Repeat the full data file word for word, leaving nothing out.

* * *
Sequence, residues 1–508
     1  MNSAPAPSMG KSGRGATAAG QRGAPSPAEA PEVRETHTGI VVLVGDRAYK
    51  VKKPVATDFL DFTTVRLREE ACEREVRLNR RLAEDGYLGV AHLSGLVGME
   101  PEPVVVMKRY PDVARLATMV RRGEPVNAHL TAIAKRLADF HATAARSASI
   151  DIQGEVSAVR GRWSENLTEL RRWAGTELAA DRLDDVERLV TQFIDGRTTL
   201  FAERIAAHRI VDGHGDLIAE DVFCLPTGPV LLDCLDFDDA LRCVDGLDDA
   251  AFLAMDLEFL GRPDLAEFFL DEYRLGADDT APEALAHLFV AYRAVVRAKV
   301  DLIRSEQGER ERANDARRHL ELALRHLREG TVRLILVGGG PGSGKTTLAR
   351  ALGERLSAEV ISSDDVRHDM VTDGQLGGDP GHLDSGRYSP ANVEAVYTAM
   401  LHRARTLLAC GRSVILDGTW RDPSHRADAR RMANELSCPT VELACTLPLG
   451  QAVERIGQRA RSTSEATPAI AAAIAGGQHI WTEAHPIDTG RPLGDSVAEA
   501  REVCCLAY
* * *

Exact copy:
Sequence, residues 1–508
     1  MNSAPAPSMG KSGRGATAAG QRGAPSPAEA PEVRETHTGI VVLVGDRAYK
    51  VKKPVATDFL DFTTVRLREE ACEREVRLNR RLAEDGYLGV AHLSGLVGME
   101  PEPVVVMKRY PDVARLATMV RRGEPVNAHL TAIAKRLADF HATAARSASI
   151  DIQGEVSAVR GRWSENLTEL RRWAGTELAA DRLDDVERLV TQFIDGRTTL
   201  FAERIAAHRI VDGHGDLIAE DVFCLPTGPV LLDCLDFDDA LRCVDGLDDA
   251  AFLAMDLEFL GRPDLAEFFL DEYRLGADDT APEALAHLFV AYRAVVRAKV
   301  DLIRSEQGER ERANDARRHL ELALRHLREG TVRLILVGGG PGSGKTTLAR
   351  ALGERLSAEV ISSDDVRHDM VTDGQLGGDP GHLDSGRYSP ANVEAVYTAM
   401  LHRARTLLAC GRSVILDGTW RDPSHRADAR RMANELSCPT VELACTLPLG
   451  QAVERIGQRA RSTSEATPAI AAAIAGGQHI WTEAHPIDTG RPLGDSVAEA
   501  REVCCLAY